Jeremy Hutton is a policy analyst for the Taxpayers Alliance.

At the TaxPayers’ Alliance, we spend a lot of time exposing waste by government departments. Vanity projects like HS2, the extraordinarily high foreign aid budget, and the £40bn public sector pensions liability come to mind. But some of our most rewarding and important work is at the local level, travelling around the country with activists to hold local councils to account. Many ConservativeHome readers will know us for our annual Town Hall Rich Lists, which have become the bane of council officers everywhere. But we also believe in congratulating and promoting best practice, as there are undoubtedly councillors out there really making a difference and doing their best to represent taxpayers.

Over the past few months, we’ve received several tip offs from activists concerned about their local council investing in private sector ventures and property portfolios, putting their hard earned money at risk. Of course, the question of whether councils should be doing this, in principle, is complex. Some local authorities argued this investment provided alternative revenue streams, protecting residents from painful council tax rises. As Councillor Ferris Cowper argued at our panel discussion on the topic (which you can view here), this represents a new frontier for public finances in local government. But investing in property, assets or ventures presents risks as well as opportunities, and taxpayers are right to be concerned about the experience and ability of those in the public sector making investments with their money.

Putting that debate to one side, these practices generate more immediate issues. The obvious question is how local authorities will handle these buildings when they’re not being utilised, for commercial purposes or service provision. Nobody would begrudge a council for using an owned property to assist with the delivery of essential services, like social care provision, or even providing a space for a youth centre or sports facility. Alternatively, councils could rent these properties out to local businesses, providing a steady cash flow for the council and promoting economic activity in the local area.

But what if a local council leaves a property entirely vacant, awaiting these opportunities? It’s this limbo which we explored in our recent paper, Hollow High Streets.

We were surprised to discover, after sending a freedom of information request to every council in the country, that at least 6,047 council-owned commercial properties were declared vacant between January 2016 and December 2017. The total cost to taxpayers of providing security, insurance, maintenance and renovation of these properties was £74,022,381. The most expensive vacant property was the renovation of Aberdeen Art Gallery, which has been plagued by delays amid fears costs have spiralled beyond its £30 million budget. The delayed opening has reportedly cost Aberdeen City Council hundreds of thousands in lost revenues alone.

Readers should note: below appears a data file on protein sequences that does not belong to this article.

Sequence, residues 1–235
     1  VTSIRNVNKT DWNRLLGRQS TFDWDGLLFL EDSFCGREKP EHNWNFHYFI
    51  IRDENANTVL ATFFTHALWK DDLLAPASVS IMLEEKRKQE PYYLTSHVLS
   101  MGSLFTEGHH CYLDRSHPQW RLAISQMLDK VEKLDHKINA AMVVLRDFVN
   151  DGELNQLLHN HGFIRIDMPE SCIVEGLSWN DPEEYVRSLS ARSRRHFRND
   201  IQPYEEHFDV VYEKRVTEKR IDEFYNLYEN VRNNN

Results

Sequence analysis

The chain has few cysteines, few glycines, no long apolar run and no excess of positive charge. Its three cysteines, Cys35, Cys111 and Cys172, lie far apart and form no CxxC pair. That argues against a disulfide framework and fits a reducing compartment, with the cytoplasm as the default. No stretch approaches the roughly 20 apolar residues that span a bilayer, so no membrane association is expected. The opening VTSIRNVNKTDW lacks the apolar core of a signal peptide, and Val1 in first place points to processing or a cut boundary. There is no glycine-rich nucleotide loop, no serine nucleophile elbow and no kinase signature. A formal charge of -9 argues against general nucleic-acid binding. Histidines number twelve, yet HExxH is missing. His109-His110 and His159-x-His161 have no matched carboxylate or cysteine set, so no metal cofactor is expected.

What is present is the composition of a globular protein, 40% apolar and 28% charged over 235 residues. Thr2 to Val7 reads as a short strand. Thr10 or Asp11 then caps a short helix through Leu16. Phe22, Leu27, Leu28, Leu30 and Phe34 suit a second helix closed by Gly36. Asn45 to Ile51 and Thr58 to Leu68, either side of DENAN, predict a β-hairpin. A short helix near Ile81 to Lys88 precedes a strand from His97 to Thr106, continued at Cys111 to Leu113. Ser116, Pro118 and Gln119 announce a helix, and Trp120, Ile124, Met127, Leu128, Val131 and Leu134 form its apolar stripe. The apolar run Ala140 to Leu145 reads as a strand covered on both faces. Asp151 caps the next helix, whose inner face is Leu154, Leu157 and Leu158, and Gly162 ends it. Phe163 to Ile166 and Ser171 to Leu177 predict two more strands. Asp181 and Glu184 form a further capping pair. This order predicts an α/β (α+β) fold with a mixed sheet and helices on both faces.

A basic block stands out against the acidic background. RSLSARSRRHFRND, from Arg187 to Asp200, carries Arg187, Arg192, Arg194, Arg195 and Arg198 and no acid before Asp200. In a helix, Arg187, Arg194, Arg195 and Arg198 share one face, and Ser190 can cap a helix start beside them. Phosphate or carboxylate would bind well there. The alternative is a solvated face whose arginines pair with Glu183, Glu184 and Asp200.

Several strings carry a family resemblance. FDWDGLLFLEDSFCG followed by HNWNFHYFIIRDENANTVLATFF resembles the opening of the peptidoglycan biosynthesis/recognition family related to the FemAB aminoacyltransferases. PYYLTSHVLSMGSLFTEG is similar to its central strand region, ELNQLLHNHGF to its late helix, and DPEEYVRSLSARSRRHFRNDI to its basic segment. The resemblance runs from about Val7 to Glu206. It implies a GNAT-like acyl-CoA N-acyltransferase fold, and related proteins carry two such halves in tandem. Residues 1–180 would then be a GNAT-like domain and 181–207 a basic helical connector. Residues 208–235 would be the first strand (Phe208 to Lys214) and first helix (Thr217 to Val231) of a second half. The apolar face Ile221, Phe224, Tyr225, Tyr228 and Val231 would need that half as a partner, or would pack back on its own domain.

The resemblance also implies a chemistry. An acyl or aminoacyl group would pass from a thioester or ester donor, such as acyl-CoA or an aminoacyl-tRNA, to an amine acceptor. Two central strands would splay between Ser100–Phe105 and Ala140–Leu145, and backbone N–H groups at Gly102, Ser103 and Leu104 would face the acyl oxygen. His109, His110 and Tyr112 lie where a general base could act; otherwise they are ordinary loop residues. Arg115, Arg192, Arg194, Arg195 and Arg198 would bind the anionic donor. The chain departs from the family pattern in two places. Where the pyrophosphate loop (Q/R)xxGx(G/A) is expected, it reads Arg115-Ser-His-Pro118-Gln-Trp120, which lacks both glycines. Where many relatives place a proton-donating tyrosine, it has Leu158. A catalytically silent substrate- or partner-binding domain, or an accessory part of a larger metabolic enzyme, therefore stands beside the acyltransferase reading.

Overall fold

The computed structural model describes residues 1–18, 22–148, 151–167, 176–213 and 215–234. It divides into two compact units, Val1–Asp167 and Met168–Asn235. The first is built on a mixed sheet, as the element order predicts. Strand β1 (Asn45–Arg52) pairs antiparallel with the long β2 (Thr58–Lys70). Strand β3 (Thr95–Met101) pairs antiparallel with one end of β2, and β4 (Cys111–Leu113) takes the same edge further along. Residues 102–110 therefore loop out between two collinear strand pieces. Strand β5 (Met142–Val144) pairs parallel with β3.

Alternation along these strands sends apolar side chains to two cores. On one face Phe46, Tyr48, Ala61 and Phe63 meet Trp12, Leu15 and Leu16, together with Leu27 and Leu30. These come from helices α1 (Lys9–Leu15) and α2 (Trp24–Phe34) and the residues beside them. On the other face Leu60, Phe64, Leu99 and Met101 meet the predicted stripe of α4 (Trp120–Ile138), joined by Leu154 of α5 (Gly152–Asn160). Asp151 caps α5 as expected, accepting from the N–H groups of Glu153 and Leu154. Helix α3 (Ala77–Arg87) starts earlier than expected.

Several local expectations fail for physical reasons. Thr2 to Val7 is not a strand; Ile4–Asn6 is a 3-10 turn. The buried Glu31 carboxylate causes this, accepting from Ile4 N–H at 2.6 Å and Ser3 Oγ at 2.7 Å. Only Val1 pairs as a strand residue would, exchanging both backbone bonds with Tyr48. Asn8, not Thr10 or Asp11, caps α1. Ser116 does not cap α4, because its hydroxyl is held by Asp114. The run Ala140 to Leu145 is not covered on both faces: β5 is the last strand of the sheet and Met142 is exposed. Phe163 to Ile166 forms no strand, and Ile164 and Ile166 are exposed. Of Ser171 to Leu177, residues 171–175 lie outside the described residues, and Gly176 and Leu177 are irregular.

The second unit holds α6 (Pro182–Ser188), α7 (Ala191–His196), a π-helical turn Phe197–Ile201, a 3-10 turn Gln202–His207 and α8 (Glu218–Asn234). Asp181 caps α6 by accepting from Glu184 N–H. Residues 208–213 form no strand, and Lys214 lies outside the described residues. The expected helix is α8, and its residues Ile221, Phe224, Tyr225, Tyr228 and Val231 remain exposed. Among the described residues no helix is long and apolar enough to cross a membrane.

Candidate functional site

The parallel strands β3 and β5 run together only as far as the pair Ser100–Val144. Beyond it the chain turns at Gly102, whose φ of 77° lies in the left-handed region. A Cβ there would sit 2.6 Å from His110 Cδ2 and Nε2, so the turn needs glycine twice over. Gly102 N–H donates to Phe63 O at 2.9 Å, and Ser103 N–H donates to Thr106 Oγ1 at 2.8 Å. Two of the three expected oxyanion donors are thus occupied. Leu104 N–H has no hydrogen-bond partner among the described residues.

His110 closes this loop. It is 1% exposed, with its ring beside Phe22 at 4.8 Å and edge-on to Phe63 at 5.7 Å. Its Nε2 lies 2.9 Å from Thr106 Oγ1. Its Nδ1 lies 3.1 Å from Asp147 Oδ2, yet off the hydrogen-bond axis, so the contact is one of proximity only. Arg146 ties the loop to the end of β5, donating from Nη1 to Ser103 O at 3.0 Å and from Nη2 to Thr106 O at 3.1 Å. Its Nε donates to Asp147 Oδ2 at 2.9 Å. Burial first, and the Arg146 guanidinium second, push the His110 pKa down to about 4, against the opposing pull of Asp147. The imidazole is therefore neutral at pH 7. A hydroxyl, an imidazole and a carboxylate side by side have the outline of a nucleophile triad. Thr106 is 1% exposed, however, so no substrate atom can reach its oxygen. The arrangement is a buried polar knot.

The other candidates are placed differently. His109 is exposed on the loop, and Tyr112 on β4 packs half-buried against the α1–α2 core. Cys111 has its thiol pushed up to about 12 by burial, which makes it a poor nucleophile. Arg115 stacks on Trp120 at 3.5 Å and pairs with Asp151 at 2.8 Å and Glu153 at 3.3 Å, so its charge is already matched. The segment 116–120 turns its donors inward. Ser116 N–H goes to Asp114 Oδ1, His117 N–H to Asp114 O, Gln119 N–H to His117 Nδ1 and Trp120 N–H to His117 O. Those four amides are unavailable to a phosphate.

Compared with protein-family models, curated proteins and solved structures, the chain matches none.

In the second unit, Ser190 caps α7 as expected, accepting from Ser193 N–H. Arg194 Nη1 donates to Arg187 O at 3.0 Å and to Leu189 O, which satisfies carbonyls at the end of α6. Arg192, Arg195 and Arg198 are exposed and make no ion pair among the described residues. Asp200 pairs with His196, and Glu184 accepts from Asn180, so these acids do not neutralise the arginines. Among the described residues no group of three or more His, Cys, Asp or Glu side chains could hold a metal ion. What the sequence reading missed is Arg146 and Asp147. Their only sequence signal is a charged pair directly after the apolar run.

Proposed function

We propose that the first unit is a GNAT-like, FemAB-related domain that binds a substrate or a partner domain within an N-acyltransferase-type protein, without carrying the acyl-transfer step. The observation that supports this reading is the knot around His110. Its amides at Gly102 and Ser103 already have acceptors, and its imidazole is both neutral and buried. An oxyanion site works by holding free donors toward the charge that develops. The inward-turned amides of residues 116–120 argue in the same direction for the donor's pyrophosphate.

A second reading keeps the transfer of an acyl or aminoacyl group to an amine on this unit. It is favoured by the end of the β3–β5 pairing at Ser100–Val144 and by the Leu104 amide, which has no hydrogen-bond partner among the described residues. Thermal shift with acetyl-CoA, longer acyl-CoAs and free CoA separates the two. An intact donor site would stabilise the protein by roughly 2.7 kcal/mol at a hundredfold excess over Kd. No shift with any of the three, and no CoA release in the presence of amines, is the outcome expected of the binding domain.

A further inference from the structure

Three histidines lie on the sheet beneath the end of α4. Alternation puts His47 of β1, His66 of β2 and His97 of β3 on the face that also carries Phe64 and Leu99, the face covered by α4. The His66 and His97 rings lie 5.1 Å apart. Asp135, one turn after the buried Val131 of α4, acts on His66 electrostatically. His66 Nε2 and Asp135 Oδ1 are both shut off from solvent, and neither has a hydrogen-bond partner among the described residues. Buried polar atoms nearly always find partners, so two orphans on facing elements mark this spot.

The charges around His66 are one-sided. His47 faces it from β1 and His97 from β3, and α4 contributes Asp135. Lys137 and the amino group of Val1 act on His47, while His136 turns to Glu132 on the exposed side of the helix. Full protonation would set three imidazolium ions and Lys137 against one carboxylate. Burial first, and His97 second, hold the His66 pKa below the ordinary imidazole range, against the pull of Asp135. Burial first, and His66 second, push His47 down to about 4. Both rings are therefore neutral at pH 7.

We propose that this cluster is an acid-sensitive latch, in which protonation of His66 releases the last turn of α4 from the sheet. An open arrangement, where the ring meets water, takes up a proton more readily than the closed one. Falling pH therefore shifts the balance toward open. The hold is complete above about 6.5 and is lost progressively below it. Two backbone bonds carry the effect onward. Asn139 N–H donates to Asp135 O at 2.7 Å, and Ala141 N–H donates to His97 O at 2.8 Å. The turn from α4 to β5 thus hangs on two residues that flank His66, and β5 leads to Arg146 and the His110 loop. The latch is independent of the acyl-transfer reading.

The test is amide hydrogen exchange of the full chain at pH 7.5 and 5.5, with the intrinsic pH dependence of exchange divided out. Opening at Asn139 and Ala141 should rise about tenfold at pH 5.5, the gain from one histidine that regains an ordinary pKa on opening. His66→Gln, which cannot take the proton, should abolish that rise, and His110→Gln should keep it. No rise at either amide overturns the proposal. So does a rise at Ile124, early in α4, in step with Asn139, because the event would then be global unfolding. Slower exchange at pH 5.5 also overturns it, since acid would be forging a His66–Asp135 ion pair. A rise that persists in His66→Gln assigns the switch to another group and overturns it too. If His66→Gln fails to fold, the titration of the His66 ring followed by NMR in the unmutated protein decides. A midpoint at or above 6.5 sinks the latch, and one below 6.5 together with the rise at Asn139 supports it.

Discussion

The vast majority of councils in the UK confirmed they owned commercial properties which were being left vacant. Many of the responses we received did not include details of precisely why these properties were being left unused, but we did try to be fair in our reporting by making it clear there may be valid explanations. Only 21 councils confirmed with the TPA that they didn’t own any vacant property, and they are highlighted in our report: Castle Point, South Bucks, Stafford and Watford, to name a few.

Per person, Scotland and Wales were found to be the areas with the highest number of empty municipal commercial properties. Conversely, the areas with the least empty commercial properties per person were London and Northern Ireland, perhaps indicating a greater sense of urgency for housing and pressure on councils to use up all the space available.

Of course, there may be valid explanations for some of these properties, for example if renovations are taking place to improve the value of the property. As one councillor in Swindon pointed out, that council’s property portfolio generated a net profit with empty properties only costing an average £25 each per month. This ensures they can remain preserved for future use when they might start generating profit. Inverclyde council made clear that substantial renovations sometimes were simply necessary to keep distinctive buildings in use, as was the case with the James Watt memorial college.

But this report did highlight some cases of empty properties on high streets which could be sold at a profit for the council, and put to far better use. With a high demand for housing, especially housing located close to train stations and public transport, vacant properties on high streets could be converted into housing.  As Shelter Scotland made clear in their response, councils should be taking a “strategic approach” to bringing empty properties into use to increase housing supply. Alternatively, this space could be made available for local start ups and businesses.

There is no one size fits all approach for councils when investing in property, but we do hope that our research has helped start a conversation in some local areas where vacant properties could be put to better use.